MINNEAPOLIS – Northwest Airlines (search) jets roared into the sky over the heads of striking mechanics Saturday as the nation's fourth-largest carrier turned over its maintenance to replacement workers on Day 1 of the industry's first major walkout in seven years.
The union mechanics walked out rather than take pay cuts and layoffs that would reduce their ranks almost by half. They said they don't believe the replacements will be able to maintain the fleet, the oldest among domestic airlines.
Saturday afternoon, Northwest was already facing at least two maintenance jobs in Detroit, one of its hubs.
One Northwest plane blew out four tires as it landed on a runway, and another made an emergency landing after flight attendants reported smoke in the cabin. No injuries were reported in either incident. The airline said the cause of the blow-out was likely "an anti-skid braking issue," the vapor appeared to be an air conditioning system problem, and neither had anything to do with the strike.
Earlier Saturday, Northwest executives said their contingency plan was working flawlessly, with few cancellations and flights predominantly on time. The airline switched to its fall schedule Saturday, a few weeks early, lightening the schedule by about 17 percent.
No new negotiations were scheduled, said Bob Rose, president of AMFA Local 5 (search) in Detroit.
"We'll either live or die on the picket line out here," he said.
Steve MacFarlane, assistant national director for the mechanic's union, said the union never expect the walkout to have an instantaneous effect.
"As airplanes break through the normal flight day, these airplane need to get fixed. And if these guys can't fix them they get set off to the side," MacFarlane said. "We're confident that over a period of time it begins to snowball, and they're going to have a real problem maintaining their schedule."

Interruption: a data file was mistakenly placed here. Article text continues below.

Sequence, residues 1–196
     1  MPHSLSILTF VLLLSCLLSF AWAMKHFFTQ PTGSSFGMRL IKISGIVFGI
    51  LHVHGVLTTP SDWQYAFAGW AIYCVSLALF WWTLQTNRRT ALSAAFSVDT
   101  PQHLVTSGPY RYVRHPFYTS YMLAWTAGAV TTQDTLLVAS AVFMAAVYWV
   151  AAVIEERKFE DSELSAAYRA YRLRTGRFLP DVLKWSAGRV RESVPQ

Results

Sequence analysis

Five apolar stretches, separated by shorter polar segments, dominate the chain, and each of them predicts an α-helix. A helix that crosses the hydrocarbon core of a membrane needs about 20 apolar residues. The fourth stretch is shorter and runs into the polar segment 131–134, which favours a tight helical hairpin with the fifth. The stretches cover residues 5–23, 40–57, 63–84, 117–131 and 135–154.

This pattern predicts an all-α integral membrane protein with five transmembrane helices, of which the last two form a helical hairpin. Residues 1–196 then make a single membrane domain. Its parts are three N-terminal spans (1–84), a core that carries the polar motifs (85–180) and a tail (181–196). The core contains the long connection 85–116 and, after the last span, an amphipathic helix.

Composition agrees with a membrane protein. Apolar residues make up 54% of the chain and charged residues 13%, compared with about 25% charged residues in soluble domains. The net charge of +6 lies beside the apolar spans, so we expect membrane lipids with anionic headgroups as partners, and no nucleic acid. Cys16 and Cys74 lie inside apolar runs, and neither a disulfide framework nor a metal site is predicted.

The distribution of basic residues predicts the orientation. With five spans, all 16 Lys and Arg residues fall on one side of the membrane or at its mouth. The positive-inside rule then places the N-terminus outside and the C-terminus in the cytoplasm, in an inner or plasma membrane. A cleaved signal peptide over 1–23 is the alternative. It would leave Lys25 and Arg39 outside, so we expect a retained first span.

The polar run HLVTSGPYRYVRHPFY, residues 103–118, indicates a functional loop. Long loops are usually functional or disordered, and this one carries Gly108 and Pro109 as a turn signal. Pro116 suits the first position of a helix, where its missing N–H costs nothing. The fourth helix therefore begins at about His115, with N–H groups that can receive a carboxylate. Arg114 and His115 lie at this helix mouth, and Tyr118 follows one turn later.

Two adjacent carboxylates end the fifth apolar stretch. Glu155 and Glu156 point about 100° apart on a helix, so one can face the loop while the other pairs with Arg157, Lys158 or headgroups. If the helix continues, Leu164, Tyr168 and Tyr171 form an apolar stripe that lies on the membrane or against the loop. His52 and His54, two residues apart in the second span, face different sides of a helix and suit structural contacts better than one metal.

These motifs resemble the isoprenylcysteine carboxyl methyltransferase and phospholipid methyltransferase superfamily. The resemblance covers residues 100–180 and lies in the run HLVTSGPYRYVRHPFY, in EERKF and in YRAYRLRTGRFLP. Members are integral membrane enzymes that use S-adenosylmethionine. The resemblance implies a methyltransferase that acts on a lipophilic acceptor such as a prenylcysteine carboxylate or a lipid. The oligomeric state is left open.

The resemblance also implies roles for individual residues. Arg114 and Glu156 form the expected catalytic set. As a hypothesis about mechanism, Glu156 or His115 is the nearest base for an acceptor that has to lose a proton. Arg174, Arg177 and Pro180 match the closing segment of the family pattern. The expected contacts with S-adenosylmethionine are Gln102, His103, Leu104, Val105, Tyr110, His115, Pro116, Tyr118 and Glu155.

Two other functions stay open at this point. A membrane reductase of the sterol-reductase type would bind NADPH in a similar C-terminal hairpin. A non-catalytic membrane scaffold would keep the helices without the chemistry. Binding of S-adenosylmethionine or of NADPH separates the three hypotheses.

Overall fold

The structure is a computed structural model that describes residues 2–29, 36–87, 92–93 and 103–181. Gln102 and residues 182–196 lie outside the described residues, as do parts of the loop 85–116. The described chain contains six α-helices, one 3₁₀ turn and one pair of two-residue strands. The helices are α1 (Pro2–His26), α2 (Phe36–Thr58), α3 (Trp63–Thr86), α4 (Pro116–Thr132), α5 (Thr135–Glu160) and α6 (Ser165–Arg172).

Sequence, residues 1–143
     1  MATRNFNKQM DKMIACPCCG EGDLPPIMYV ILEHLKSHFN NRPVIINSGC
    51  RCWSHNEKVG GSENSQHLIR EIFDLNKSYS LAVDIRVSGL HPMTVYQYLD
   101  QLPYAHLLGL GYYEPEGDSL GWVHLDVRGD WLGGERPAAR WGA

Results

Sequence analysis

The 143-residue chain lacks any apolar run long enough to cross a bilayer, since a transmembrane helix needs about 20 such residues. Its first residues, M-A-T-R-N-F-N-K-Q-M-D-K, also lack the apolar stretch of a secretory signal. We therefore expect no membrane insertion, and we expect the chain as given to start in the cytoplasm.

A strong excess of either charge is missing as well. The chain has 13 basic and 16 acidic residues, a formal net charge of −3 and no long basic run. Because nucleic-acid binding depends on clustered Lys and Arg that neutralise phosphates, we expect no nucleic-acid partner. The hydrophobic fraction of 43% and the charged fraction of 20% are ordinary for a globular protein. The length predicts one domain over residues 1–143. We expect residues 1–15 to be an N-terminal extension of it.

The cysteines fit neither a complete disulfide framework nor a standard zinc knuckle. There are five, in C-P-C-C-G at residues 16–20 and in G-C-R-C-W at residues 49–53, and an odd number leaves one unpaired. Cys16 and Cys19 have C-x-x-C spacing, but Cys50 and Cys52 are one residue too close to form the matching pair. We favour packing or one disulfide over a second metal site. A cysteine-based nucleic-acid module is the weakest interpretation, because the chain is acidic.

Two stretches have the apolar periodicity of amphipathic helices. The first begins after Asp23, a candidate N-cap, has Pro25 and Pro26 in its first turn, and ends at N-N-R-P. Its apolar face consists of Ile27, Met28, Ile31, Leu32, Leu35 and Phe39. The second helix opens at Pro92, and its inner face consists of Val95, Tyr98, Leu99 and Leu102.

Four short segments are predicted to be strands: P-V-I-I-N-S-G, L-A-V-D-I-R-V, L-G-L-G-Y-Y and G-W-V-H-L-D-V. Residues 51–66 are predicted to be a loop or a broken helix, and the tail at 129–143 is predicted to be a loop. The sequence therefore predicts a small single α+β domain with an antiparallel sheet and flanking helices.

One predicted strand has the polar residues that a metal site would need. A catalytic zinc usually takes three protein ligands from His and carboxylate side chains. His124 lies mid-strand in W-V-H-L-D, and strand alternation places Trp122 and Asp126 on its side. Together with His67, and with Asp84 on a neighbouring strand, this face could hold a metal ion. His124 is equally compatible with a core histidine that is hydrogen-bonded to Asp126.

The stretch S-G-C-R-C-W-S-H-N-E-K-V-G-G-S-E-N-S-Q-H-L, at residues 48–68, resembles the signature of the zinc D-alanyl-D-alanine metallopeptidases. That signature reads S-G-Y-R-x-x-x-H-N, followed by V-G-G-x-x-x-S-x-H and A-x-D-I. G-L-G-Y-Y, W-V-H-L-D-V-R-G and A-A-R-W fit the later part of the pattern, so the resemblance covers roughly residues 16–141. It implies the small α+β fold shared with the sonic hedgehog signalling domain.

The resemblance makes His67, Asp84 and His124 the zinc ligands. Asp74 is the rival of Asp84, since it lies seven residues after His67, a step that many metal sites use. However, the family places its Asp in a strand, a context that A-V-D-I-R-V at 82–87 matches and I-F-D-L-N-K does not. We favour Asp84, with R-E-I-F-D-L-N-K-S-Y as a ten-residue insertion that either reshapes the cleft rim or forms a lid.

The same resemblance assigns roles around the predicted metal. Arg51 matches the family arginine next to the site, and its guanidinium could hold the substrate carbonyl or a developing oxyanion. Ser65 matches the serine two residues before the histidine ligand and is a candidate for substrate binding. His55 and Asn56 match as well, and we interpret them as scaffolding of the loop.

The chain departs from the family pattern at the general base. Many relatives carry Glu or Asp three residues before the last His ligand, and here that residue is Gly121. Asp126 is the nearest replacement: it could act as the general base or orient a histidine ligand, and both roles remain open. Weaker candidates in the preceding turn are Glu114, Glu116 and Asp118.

Northwest's pilots said the airline appeared to be running smoothly, said Hal Myers, spokesman for the Air Line Pilots Association (search). The union is running an around-the-clock call-in center to answer pilot concerns about maintenance issues.
Myers said there were reports from Detroit on Friday that some of the tractors used to push airplanes back from the gate had damage to their ignitions, and that keys were broken off in the locks of some jetways. But "we didn't see anything done to aircraft that would pose a safety threat," he said.
It's the first major airline strike since Northwest pilots grounded the airline for 20 days in 1998. But this time, the mechanics are striking alone. Pilots, flight attendants and other ground workers all said they would keep working, and a federal judge barred mechanics at Northwest regional carrier Mesaba Airlines from conducting a sympathy strike.
After talks broke off just before midnight Friday, union negotiator Jim Young said the mechanics would rather see the airline go into bankruptcy than agree to Northwest's terms. The Aircraft Mechanics Fraternal Association represents 4,427 mechanics, cleaners and custodians, about 11 percent of Northwest's 40,000 employees.
The mechanics average about $70,000 a year in pay, and the cleaners and custodians can make around $40,000.
The company wanted to cut their wages by about 25 percent as part of an effort to save $176 million a year. It also wanted to lay off about 2,000 workers, almost halving a workforce already half the size it was in 2001. The cuts would be concentrated among cleaners and custodians.
Northwest has said other airlines get that work done more cheaply with contractors.
"I don't like the strike, but I'm siding with the mechanics," said Bob Gibson, whose daughter was headed off to college in Missouri on a Northwest flight from Detroit. "But why does it have to come down to this? I understand that things are rough, but I think what they're asking them to give up is too much. How can they survive? There should be a compromise."
Mike Tyrna, an aircraft cleaner for Northwest for 16 years, said union members had no choice but strike.
"I know this has devastated a lot of people," he said. "But we can't deal with this. It's impossible in this economy to take a pay cut that extreme. We have families. We have things we have to pay for too.
"When they get all they want, all the corporate types are going to get to walk away with their golden parachutes."
Northwest, based in Eagan, has said it needs $1.1 billion in labor savings from all its workers.
Only pilots have agreed, accepting a 15 percent pay cut worth $300 million when combined with cuts for salaried employees. It is currently negotiating with ground workers and flight attendants, and it has said it can re-open talks with pilots once it gets concessions from the other groups.
Northwest and its regional carriers operate more than 1,500 flights to 750 cities. It has hubs in Detroit, Minneapolis, Memphis, Tokyo and Amsterdam.